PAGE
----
The full quote from that section, however, tells a much different story: “If . . . there is a legal proceeding that might significantly affect Lender’s interest in the Property and/or rights under this Security Instrument (such as a proceeding in bankruptcy, probate, for condemnation or forfeiture, for enforcement of a lien which may attain priority over this Security Instrument or to enforce laws or regulations) . . . then Lender may do and pay for whatever is reasonable or appropriate to protect Lender’s interest in the Property and rights under this Security Instrument, including protecting and/or assessing the value of the Property, and securing and/or repairing the Property. Lender’s actions can include, but are not limited to: (a) paying any sums secured by a lien which has priority over this Security Instrument; (b) appearing in court; and (c) paying reasonable attorneys’ fees to protect its interest in the Property . . . including its secured position in a bankruptcy proceeding. Securing the Property includes, but is not limited to, entering the Property to make repairs, change locks, replace or board up doors and windows,” etc. (Italics added.) “Any amounts disbursed by Lender under this Section 9 shall become additional debt of Borrower secured by this Security Instrument. These amounts shall bear interest at the Note rate from the date of disbursement and shall be payable, with such interest, upon notice from Lender to Borrower requesting payment.” (Italics added.)
This provision does not provide for an award of attorney fees for two reasons. First, the lawsuits it contemplates are third party actions or bankruptcy, that might impact the lender’s security interest in the property. It does not contemplate simple contractual disputes between the parties. Second, even if this lawsuit were to apply, the lender’s express remedy is not a separate award of attorney fees, but instead is to add the fees incurred to the borrower’s account on the note.
The next provision defendants rely on is section 14 of the deed of trust, which provides, “Lender may charge Borrower fees for services performed in connection with Borrower’s default, for the purpose of protecting Lender’s interest in the Property and rights under this Security Instrument, including, but not limited to, attorneys’ fees, property inspection and valuation fees.” (Italics added.) Our analysis of this section is essentially the same. It does not contemplate simple contractual disputes between the parties, but instead focuses on outside threats to the Lender’s security interest. But even if this provision applied to the current suit, the lender’s remedy is to “charge” the borrower. Nowhere does this section mention an award of fees to a prevailing party in a lawsuit.
The third provision defendants rely on is section 22 of the deed of trust, entitled “Acceleration; Remedies.” That section begins by describing the procedure for declaring the borrower in default, as well as borrower’s rights for curing the default. It goes on: “If the default is not cured on or before the date specified in the notice, Lender at its option may require immediate payment in full of all sums secured by this Security Instrument without further demand and may invoke the power of sale and any other remedies permitted by Applicable Law. Lender shall be entitled to collect all expenses incurred in pursuing the remedies provided in this Section 22, including, but not limited to, reasonable attorneys’ fees and costs of title evidence.” Section 22 goes on to describe the procedure for a trustee’s sale, and concludes by describing how the proceeds of the trustee’s sale are to be distributed: “(a) to all expenses of sale, including, but not limited to reasonable Trustee’s and attorneys’ fees; (b) to all sums secured by this Security Instrument; and (c) any excess to the person or persons legally entitled to it.”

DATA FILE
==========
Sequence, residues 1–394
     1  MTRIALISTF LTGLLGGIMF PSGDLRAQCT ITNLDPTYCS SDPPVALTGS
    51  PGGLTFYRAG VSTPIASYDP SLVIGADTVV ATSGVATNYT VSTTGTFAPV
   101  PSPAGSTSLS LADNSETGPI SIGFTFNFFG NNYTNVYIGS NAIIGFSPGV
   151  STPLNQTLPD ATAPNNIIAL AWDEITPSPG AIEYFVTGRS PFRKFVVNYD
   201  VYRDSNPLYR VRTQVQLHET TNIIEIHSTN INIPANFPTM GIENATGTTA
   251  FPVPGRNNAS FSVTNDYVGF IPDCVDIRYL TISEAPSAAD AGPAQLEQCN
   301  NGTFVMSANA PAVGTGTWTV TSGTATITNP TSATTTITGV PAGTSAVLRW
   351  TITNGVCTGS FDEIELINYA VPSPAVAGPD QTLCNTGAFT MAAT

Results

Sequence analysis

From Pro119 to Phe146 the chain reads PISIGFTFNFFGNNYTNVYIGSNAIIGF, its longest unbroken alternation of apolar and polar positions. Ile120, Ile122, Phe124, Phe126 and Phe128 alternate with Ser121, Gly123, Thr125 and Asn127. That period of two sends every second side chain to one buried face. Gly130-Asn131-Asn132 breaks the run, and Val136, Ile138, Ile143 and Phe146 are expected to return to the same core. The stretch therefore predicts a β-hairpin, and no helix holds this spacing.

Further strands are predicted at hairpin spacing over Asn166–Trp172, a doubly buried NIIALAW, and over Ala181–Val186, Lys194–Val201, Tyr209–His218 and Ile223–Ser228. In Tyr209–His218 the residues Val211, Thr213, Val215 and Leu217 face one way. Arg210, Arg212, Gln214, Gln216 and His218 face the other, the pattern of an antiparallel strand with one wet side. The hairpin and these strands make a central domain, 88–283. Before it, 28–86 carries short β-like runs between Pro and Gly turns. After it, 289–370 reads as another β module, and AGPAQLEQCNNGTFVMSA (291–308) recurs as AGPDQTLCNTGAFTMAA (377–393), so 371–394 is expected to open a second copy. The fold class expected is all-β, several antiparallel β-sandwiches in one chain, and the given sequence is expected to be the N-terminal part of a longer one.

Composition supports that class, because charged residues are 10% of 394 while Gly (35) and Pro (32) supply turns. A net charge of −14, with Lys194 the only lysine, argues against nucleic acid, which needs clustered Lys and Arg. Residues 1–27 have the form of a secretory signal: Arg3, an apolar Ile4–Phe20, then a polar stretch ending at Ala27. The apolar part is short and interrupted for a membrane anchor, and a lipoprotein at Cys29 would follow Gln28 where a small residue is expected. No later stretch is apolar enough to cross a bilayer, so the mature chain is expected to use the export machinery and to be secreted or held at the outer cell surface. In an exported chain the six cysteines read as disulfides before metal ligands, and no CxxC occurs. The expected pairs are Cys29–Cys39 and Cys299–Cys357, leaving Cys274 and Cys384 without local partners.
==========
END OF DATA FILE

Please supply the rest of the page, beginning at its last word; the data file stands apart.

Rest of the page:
Again, this section does not mention an award of fees to the prevailing party in a lawsuit. It authorizes the lender to “collect” attorney fees in connection with a foreclosure, and then provides a method for collecting them: by applying the proceeds of the trustee’s sale.
Defendant’s final attempt relies on paragraph 7(E) of the note (which would apply only to Barbara), which states, “If the Note Holder has required me to pay immediately in full . . . , the Note Holder will have the right to be paid back by me for all of its costs and expenses in enforcing this Note to the extent not prohibited by applicable law. Those expenses include, for example, reasonable attorneys’ fees.” This provision does not apply for the same reasons as the previously three: it authorizes the Lender to be “paid back,” but does not authorize a separate award of attorney fees to the prevailing party in a lawsuit.
Ultimately, Civil Code section 1717 requires a contract to “specifically” provide for attorney fees. There are many challenges facing attorneys drafting transactional documents. But in general, a specific attorney fee provision is not one of those challenges. In most cases, it can be accomplished in a single sentence, and a specific citation to Civil Code section 1717, though not required, makes the parties’ intent abundantly clear. For that reason, we are not inclined to indulge vague fee provisions like those relied on here.
The postjudgment order is affirmed. Plaintiffs shall recover their costs incurred on appeal.
FYBEL, ACTING P. J.
 It was intended that Andrea and Jack also be on the promissory note, but for reasons not disclosed in the record, only Barbara ended up as a party to the promissory note. Since two of the parties share the same surname, we refer to the plaintiffs by their first names. No disrespect is intended.
 Our opinion in case number G053615, contains a more detailed recitation of these background facts, but the details are not relevant to the issue here.
 This section authorizes a cause of action for injunctive relief for the violation of certain foreclosure laws.
 Defendant Meridian Foreclosure Service did not join in the motion and, likewise, did not join in this appeal. Any further reference to “defendants” excludes Meridian unless otherwise noted.